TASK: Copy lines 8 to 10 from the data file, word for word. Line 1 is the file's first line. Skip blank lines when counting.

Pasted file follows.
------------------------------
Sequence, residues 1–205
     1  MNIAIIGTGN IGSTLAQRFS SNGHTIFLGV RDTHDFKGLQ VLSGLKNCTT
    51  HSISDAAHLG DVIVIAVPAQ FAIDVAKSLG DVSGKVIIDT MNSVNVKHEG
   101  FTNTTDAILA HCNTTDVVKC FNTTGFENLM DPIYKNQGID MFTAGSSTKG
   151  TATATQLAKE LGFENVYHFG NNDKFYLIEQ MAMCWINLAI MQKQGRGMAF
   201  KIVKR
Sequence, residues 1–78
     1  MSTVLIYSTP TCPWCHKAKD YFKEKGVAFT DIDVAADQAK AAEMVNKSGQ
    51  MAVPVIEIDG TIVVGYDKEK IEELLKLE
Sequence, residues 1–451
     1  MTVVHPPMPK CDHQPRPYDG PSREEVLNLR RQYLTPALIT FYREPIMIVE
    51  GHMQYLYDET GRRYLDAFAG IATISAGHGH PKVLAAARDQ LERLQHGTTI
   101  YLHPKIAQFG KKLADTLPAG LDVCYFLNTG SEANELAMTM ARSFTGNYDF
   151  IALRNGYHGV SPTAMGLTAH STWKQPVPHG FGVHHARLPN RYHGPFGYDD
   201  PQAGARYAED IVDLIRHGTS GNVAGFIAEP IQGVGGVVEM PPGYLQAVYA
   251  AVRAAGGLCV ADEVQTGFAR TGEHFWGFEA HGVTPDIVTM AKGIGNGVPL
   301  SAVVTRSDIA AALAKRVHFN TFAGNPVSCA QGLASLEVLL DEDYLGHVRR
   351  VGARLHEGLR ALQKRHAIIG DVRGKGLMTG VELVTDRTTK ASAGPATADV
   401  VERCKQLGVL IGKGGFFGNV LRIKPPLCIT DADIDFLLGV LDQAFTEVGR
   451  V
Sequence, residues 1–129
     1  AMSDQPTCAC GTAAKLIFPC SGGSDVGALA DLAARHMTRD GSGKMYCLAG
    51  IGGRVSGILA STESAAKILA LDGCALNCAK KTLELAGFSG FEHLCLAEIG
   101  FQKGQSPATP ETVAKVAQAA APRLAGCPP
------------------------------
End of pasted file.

     1  MSTVLIYSTP TCPWCHKAKD YFKEKGVAFT DIDVAADQAK AAEMVNKSGQ
    51  MAVPVIEIDG TIVVGYDKEK IEELLKLE
Sequence, residues 1–451